On the surface, it is just another childish movie with potty humor and crazy antics, but much like other 80’s films it has a deeper meaning. Fred clearly represents her inner desire to be bad, and her inability to be the person she wants to be. In the end she is able to let Fred go because she realizes that she can’t realistically run off with him and be a child forever. She finally is able to let her childhood, which has been locked in a jack-in-the-box for years, go. She finally gets some closure when she runs into a little girl, much like herself, who is Fred’s new best friend. While she can’t see Fred anymore, she knows he’s there and is happy to see him in action again.

Tuesday, October 17, 2006

Family Business (1989)


Sean Connery; Dustin Hoffman; Matthew Broderick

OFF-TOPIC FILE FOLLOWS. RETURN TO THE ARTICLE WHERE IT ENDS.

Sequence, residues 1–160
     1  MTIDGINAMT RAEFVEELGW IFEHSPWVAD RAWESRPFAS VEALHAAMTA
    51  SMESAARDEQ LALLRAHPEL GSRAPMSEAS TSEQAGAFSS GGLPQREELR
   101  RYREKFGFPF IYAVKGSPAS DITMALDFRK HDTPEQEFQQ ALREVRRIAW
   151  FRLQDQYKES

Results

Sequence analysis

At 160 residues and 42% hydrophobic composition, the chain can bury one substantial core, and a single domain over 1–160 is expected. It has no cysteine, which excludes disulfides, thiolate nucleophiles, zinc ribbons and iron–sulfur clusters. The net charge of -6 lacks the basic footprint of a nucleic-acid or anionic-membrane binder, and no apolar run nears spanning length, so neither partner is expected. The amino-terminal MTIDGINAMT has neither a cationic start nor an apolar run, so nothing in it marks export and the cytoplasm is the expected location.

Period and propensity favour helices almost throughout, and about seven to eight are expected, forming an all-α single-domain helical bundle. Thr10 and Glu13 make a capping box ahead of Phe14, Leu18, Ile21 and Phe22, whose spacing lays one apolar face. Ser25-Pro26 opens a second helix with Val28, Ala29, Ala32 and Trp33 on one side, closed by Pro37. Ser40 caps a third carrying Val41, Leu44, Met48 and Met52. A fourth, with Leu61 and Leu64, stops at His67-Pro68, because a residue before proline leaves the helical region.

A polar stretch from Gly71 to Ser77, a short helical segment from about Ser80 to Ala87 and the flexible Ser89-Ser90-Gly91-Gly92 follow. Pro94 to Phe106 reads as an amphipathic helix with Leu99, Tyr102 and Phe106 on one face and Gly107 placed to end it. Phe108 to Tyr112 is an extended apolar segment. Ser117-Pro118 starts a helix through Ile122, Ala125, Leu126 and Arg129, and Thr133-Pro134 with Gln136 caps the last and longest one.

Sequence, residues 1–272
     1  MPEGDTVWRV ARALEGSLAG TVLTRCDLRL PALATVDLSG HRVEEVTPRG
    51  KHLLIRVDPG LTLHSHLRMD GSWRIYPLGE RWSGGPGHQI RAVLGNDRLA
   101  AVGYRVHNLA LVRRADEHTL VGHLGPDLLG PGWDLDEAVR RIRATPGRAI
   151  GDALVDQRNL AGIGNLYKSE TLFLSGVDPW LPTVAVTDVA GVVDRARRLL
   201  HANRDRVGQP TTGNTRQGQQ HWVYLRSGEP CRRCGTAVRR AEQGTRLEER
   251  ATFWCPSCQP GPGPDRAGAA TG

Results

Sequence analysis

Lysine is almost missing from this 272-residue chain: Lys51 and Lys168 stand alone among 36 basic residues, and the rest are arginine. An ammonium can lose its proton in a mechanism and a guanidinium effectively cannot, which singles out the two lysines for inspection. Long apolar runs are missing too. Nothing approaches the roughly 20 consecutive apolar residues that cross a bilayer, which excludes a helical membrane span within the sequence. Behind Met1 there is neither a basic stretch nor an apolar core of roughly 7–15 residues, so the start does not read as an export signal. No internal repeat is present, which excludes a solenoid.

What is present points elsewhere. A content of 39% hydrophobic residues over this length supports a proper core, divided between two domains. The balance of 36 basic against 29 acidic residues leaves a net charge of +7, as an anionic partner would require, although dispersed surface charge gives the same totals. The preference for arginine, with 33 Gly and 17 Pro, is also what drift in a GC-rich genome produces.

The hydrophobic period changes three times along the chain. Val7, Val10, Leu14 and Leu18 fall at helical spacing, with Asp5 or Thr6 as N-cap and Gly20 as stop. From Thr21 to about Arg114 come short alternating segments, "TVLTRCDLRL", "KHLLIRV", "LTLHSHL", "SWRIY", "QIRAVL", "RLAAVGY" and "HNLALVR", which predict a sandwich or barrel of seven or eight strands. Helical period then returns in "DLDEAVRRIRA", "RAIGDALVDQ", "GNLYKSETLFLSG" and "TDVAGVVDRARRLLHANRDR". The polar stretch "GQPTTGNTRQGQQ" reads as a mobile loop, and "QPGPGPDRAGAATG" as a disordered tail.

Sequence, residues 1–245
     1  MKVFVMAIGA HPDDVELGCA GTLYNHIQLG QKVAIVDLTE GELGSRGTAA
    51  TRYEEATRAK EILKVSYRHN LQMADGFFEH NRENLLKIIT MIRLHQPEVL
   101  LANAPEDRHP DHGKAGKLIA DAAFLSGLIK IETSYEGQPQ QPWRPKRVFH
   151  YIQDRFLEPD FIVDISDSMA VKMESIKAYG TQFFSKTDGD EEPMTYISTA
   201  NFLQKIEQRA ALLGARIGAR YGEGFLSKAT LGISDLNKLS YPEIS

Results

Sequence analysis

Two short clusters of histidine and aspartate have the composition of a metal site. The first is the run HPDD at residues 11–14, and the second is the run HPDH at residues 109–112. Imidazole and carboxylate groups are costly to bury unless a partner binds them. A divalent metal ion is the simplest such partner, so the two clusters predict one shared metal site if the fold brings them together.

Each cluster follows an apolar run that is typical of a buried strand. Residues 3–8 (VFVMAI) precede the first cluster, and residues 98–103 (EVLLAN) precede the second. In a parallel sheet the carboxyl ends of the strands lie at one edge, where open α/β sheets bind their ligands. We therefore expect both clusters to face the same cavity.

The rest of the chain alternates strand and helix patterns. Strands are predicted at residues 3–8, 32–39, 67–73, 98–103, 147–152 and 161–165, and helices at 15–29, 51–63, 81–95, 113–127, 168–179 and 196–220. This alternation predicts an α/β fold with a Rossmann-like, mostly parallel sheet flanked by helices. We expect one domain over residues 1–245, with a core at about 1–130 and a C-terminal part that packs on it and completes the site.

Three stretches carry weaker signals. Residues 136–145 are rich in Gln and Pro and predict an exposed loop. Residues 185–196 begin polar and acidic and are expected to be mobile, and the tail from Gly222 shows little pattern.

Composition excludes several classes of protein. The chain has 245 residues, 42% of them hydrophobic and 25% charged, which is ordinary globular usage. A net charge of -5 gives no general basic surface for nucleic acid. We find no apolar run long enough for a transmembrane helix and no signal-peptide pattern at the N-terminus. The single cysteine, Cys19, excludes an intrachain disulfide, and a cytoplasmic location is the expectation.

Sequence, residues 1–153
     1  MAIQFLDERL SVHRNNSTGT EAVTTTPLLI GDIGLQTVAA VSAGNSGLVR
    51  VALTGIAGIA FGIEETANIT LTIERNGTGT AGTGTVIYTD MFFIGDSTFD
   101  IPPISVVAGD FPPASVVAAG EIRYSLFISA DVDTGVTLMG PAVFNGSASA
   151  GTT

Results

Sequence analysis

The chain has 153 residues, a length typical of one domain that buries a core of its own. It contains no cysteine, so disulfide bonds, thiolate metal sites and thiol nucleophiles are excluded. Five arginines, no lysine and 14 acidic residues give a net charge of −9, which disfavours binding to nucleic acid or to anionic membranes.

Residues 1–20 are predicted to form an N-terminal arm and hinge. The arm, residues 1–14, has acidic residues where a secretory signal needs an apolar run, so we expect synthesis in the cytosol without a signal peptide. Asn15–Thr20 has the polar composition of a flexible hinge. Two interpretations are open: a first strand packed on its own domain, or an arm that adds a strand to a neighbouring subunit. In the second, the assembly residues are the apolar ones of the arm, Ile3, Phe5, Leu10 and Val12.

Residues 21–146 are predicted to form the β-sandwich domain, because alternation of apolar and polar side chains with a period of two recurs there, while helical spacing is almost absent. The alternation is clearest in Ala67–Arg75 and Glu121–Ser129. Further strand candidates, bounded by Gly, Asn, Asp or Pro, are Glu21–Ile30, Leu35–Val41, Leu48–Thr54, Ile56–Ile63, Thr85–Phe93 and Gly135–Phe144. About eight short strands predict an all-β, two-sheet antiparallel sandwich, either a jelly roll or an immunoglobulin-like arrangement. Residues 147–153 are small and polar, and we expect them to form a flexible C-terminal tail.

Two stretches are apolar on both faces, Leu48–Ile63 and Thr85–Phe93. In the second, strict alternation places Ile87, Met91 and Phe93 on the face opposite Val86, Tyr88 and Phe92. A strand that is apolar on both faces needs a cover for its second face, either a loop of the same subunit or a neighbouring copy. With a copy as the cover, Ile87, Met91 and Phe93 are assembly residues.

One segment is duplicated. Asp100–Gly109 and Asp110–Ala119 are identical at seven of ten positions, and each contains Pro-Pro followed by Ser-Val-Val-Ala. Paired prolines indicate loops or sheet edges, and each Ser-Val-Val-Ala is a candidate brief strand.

Family Business stars Sean Connery, Dustin Hoffman and Matthew Broderick as three generations of a Jewish family—though, apparently, Mr. Connery comes from the Scottish side of the family—who plan a robbery together. This film is not like the usual crime drama, which, I must confess, is a disappointment, because I love crime dramas, and crime comedies are even better (Lock, Stock and Two Smoking Barrels; Kiss, Kiss, Bang, Bang; Ocean’s Eleven, though the sequel sucked big huevos). Family Business is more of a straight drama, with crime as a backdrop, which really takes up only about fifteen minutes of screen time, and that screen time isn’t particularly engaging. It’s just the three of them running around a lab in ski masks.